The views expressed in this document should not be construed as advice on how to construct a portfolio or whether to buy, retain or sell a particular investment. The information is being given only to persons who have received this document directly from Aberdeen Standard Fund Managers Limited (ASFML) and must not be acted or relied upon by persons receiving a copy of this document other than directly from ASFML.

No part of this material may be copied or duplicated in any form or by any means or redistributed without the written consent of ASFML. Issued by Aberdeen Asset Investments Limited, a company authorised and regulated by the Financial Conduct Authority in the United Kingdom. Aberdeen Standard Investments is a brand of the investment businesses of Aberdeen Asset Management and Standard Life Investments. CEIBA Investments Limited is listed on the Specialist Fund Segment of the Main Market of the London Stock Exchange. The Company is a registered closed-ended collective investment scheme pursuant to the Protection of Investors (Bailiwick of Guernsey) Law, 1987, as amended and the Registered Collective Investment Schemes Rules 2015 as issued by the Commission. The AIFM: Under the terms of the Management Agreement, the Company has appointed Aberdeen Standard Fund Managers Limited, with effect from Initial Admission, as the Company’s alternative investment fund manager for the purposes of the AIFM Rules. The AIFM has delegated portfolio management to Aberdeen Asset Investments Limited as Investment Manager.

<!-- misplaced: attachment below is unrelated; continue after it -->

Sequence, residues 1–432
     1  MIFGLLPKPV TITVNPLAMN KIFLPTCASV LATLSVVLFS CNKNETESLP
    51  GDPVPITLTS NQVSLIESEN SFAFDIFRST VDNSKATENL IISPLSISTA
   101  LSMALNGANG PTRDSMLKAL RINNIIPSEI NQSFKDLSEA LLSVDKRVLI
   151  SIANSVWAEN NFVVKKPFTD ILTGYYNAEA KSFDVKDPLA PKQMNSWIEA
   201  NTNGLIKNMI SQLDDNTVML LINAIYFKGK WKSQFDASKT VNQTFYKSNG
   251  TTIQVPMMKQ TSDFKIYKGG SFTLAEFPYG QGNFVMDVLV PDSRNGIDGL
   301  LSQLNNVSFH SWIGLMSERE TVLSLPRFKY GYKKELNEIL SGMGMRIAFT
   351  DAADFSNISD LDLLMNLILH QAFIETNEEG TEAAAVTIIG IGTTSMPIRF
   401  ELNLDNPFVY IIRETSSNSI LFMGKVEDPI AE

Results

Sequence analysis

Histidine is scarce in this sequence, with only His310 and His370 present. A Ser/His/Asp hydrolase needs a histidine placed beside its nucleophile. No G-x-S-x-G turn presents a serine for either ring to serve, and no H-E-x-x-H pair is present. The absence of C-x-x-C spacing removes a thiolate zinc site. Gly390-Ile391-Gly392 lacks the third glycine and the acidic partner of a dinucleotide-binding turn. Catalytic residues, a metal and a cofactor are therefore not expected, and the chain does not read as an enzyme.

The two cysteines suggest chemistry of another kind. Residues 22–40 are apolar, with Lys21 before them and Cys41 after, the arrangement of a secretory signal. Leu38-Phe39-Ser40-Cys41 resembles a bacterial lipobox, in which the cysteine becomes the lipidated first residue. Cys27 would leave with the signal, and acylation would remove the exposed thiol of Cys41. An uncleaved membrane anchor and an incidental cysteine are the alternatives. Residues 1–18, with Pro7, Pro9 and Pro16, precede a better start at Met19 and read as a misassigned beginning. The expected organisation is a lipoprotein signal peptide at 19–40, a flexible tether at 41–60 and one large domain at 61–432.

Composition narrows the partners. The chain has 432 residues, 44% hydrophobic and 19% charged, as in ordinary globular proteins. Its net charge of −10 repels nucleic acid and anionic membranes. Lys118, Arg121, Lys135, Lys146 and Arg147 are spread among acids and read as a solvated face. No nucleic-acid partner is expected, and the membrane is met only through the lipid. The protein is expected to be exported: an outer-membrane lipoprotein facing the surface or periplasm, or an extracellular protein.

Risk Warning
Risk warning
The value of investments and the income from them can go down as well as up and you may get back less than the amount invested. Please refer to the relevant Key Information Document (KID) prior to making an investment decision. Please be aware of scams that can affect investors.